At least one rocket fired from southern Lebanon exploded early Friday morning in an open area near Metula, Israel's most northern town sitting on the Lebanese border.
IDF Spokesman Brig.-Gen. Motti Almoz said a rocket fell near Kibbutz Kfar Yuval and that the military was checking for more details on the source of the firing. There were no casualties or damage.
It was unclear who was behind the attack. Southern Lebanon is a stronghold of Hezbollah, a Shi'ite Muslim group that battled Israel seven years ago and is engaged in Syria's civil war in support of President Bashar Assad; but there are also Palestinian groups in the same area.
Lebanon's news agency NNA reported that at 6:30am two rockets were fired from the Hasbaya area.
There were five rockets fired in total from southern Lebanon, Lebanese security sources said. Two entered Israel, one fell into Lebanese territory and two more were intercepted. Israel has only confirmed the firing of two rockets - one that entered Israel and the other that exploded inside Lebanon at around 2am because of a technical failure.
Lebanese security forces and United Nations peacekeepers immediately arrived in the area and began searching for the perpetrators of the rocket fire.
Lebanon's state-run National News Agency said that one of those suspected of firing the rockets was wounded and rushed to a hospital. The Lebanese military said troops found two rocket launchers and dismantled them.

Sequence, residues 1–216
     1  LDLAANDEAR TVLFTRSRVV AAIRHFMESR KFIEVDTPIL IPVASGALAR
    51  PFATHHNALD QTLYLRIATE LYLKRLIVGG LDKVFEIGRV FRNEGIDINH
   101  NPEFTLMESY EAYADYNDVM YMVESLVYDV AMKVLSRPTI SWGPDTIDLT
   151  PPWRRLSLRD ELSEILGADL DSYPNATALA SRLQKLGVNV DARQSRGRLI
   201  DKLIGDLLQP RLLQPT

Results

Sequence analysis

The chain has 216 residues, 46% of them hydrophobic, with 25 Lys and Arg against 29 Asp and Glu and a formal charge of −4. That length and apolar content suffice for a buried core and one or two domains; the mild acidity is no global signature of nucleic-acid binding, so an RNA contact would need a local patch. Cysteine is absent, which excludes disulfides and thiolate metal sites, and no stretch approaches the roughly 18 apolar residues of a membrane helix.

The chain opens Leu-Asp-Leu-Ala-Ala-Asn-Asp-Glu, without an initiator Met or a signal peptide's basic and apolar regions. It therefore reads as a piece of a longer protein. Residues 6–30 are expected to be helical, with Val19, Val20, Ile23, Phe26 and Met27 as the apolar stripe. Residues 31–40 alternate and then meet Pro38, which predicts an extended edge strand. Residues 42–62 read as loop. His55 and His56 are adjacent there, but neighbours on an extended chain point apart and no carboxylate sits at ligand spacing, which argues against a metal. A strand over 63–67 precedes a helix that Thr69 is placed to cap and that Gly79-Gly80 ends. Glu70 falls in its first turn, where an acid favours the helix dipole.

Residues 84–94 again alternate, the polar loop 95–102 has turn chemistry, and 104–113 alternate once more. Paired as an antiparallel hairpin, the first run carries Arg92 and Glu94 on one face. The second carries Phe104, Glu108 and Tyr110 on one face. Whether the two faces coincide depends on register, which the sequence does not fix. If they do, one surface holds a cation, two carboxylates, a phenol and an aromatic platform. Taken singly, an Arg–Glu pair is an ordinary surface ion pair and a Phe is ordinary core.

Israel responded to the rocket fire nearly an hour later with a barrage of artillery fire at targets across the border. Lebanese sources said Israel shot back around 25 shells.
The IDF sent a message to UNIFIL forces in Lebanon informing them of the rocket fire as is customary in cases of a breach in agreements between the two countries.
Meanwhile, security forces in Israel continued searching for a second rocket that was reported by Lebanese media but was unconfirmed by Israel.
A Polish aircraft which was due to land at Ben-Gurion Airport Friday turned around mid-flight due to the rocket fired from Lebanon. The LOT pilot was told to wait in midair before beginning his approach to Ben-Gurion. The pilot decided to land in Larnaca, Cyprus and after waiting there for some time he took off again and flew back to Poland.
IDF spokesperson Lt. Col. Peter Lerner said Israel has suspected that Lebanese militants may try to join the fray as Israel exchange fire with Islamic Hamas militants in Gaza. However, he said it was still unclear whether Friday's attack was "symbolic or something more substantial."
There have been several exchanges across the border in the past year.
In December, rockets launched from Lebanon struck northern Israel, provoking a response across a border that had been largely quiet since a war in 2006. In August, Brigades of Abdullah Azzam, an organization linked to al-Qaeda claimed a rocket barrage from Lebanon.
But this rocket is the first to be fired from Israel's northern neighbor since the beginning of increasing tensions with Gaza where Hamas and Islamic Jihad have been launched hunderds of rockets, including long-range missiles, bring most of Israel within their range.
The Associated Press and Reuters contributed to this report.